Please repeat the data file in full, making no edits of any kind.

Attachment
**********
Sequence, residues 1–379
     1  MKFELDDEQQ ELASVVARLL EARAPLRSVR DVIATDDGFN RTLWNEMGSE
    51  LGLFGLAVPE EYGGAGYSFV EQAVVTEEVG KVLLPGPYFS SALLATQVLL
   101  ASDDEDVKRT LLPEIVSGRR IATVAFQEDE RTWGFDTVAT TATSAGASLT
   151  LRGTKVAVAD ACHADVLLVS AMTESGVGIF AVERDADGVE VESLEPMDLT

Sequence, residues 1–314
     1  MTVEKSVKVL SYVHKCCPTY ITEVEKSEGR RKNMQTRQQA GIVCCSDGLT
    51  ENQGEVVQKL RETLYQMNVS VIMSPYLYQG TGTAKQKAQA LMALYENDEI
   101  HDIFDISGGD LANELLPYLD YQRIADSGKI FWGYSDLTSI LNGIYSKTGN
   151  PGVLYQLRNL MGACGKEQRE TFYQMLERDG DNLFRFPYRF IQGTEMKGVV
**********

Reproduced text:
Sequence, residues 1–379
     1  MKFELDDEQQ ELASVVARLL EARAPLRSVR DVIATDDGFN RTLWNEMGSE
    51  LGLFGLAVPE EYGGAGYSFV EQAVVTEEVG KVLLPGPYFS SALLATQVLL
   101  ASDDEDVKRT LLPEIVSGRR IATVAFQEDE RTWGFDTVAT TATSAGASLT
   151  LRGTKVAVAD ACHADVLLVS AMTESGVGIF AVERDADGVE VESLEPMDLT

Sequence, residues 1–314
     1  MTVEKSVKVL SYVHKCCPTY ITEVEKSEGR RKNMQTRQQA GIVCCSDGLT
    51  ENQGEVVQKL RETLYQMNVS VIMSPYLYQG TGTAKQKAQA LMALYENDEI
   101  HDIFDISGGD LANELLPYLD YQRIADSGKI FWGYSDLTSI LNGIYSKTGN
   151  PGVLYQLRNL MGACGKEQRE TFYQMLERDG DNLFRFPYRF IQGTEMKGVV